Education services found breaching the Privacy Act
The Office of the Australian Information Commissioner (OAIC) has received 245 data breach notifications, in which personal information has been compromised, between July and September 2018, with private education services being in the top five worst offenders, information released this week has revealed.
Just over half of the reported incidents – 57.1 per cent – were as a result of malicious or criminal attack, such as the interception of private information whilst open wifi networks were being used, or “hacking” of accounts.
37 per cent of breaches were as a result of human error.
The importance of all staff who deal with private information receiving adequate training was emphasised by Australian Information Commissioner and Privacy Commissioner Angelene Falk, who said that everyone who handles personal information in their work role needs to understand how data breaches occur so that they can be prevented.
In the lead up to the change in notifiable data breach legislation, which came into play 22 February 2018 specific guidance for those working in early childhood education and care (ECEC) services was made available from various sources.
As part of the legislative changes, organisations, including ECEC services, are required to comply with the Privacy Act, and follow the Australian Privacy Principles in relation to how they handle, use and manage the personal information of those using their service. Each individual service needs to consider how the principles apply to their individual situation, in terms of operations, data management, information technology platforms etc.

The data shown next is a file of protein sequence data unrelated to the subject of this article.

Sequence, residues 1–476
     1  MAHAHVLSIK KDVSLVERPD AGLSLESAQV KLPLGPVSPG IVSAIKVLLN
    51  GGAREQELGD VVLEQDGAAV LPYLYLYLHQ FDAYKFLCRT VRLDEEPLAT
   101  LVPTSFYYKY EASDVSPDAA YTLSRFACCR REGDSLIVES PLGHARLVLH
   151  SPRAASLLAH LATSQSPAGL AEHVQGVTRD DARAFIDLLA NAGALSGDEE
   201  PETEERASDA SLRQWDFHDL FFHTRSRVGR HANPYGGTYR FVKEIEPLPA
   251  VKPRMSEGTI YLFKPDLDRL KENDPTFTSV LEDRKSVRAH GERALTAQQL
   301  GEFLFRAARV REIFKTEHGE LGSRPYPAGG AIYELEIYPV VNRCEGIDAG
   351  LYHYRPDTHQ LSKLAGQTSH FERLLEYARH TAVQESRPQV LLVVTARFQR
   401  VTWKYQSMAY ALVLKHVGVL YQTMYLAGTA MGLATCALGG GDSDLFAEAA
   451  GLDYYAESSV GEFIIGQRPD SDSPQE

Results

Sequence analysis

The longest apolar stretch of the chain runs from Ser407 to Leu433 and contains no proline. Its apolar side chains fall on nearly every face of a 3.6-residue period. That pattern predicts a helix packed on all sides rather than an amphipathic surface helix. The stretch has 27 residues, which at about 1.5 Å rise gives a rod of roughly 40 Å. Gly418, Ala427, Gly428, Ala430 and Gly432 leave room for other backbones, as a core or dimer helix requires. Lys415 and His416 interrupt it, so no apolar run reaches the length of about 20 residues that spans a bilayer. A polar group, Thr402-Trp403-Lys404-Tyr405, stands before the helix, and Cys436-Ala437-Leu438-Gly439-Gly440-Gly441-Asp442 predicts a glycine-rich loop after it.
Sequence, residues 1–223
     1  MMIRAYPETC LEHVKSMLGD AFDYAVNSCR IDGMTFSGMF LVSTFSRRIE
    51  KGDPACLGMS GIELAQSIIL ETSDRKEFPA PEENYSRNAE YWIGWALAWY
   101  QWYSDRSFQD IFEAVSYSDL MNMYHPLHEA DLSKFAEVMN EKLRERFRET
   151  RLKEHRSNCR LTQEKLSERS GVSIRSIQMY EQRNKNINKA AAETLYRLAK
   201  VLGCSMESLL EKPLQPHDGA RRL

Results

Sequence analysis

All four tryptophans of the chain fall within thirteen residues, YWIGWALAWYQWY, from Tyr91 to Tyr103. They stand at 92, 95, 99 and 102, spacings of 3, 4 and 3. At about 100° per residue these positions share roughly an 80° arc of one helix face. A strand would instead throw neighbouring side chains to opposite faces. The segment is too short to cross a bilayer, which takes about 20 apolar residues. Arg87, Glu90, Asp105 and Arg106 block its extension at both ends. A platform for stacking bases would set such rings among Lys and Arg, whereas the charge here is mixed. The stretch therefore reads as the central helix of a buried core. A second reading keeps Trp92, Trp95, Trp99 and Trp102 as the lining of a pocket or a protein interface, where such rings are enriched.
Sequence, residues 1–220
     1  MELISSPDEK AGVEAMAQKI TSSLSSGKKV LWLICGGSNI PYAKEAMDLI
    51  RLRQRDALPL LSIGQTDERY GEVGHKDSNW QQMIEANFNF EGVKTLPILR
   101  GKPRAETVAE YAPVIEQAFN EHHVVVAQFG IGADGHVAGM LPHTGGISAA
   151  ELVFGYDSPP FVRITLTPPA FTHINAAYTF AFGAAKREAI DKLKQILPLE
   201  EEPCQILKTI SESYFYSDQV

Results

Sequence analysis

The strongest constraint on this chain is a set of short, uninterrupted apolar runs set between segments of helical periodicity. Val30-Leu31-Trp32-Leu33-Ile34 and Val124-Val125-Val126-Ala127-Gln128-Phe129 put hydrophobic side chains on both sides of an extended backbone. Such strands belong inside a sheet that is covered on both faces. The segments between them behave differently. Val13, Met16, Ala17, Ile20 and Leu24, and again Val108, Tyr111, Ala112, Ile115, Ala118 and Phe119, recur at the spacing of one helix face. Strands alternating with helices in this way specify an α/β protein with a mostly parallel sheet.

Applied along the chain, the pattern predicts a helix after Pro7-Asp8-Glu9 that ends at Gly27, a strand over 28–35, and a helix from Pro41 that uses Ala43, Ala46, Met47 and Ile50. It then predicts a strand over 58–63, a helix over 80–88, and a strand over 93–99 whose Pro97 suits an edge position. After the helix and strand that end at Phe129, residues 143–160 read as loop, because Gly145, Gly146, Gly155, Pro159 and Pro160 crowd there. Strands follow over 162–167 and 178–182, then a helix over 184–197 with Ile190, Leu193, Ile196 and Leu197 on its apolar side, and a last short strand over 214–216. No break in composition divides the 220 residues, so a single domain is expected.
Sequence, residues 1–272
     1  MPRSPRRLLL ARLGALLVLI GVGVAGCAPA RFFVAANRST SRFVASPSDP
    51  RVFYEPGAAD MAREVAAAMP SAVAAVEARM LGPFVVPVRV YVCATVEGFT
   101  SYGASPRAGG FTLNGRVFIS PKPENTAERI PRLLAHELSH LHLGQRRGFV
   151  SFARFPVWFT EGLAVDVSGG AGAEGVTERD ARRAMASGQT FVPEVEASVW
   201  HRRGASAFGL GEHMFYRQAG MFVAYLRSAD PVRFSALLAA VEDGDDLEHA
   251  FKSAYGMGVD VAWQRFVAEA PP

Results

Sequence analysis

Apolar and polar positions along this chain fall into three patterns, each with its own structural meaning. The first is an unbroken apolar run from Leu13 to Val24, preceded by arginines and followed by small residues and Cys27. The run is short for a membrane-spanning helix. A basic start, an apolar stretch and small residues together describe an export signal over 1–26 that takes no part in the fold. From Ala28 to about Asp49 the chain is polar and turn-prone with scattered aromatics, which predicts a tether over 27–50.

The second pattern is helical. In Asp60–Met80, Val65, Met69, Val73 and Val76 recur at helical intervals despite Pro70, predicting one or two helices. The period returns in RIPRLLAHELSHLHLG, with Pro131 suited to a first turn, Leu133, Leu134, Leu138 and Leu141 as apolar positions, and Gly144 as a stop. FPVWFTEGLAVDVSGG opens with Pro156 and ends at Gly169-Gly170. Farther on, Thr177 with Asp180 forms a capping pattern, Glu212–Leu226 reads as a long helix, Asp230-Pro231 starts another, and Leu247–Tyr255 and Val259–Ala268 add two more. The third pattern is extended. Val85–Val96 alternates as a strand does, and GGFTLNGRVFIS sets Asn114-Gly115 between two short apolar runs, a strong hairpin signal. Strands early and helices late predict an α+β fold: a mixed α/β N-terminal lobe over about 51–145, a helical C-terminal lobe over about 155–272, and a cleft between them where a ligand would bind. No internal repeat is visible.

The principles cover how personal information can be used and disclosed, provide guidance about keeping personal information secure, and cover the open and transparent management of personal information.
The February amendment to the Privacy Act introduced a Notifiable Data Breaches (NDB) scheme, which requires all businesses regulated under the Privacy Act (including ECEC services) to provide notice to OAIC and affected individuals of any data breaches that are likely to result in serious harm, such as identity theft.
Business who suspect that an eligible data breach may have occurred must assess the breach, and determine if serious harm is likely to result. A failure to notify OAIC about a breach which is found to constitute a serious interference with privacy under the terms of the Act may result in a fine of up to $360,000 for individuals or $1.8 million for organisations.
Ms Falk said that organisations and agencies need the right cyber security in place, but that policies, procedures and processes to support staff to protect personal information were of equal importance.
“Our latest report shows 20 percent of data breaches over the quarter occurred when personal information was sent to the wrong recipient, by email, mail, fax or other means.” Ms Falk said.
20 percent of all of the reported data breaches in the quarter were as a result of phishing – an individual being contacted by email or text by someone posing as a legitimate institution, with the intent of luring the recipient to provide passwords or other personal information.
“This can result in their credentials – their username and password – being compromised and used to gain access to their system or network, if additional protections are not in place.” Ms Falk said.
Key statistics from the report
The Notifiable Data Breaches July–September 2018 report shows:
- Reported breaches were up from the previous quarter
- The top five industry sectors to report breaches were:
Private health service providers: 45
Legal, accounting and management services: 34
Private education providers: 16
Personal services: 13
The OAIC has produced a Data breach preparation and response guide for agencies and private sector organisations with obligations under the Privacy Act. Guidance for individuals on what to do after a data breach notification and additional information is available via the OAIC website.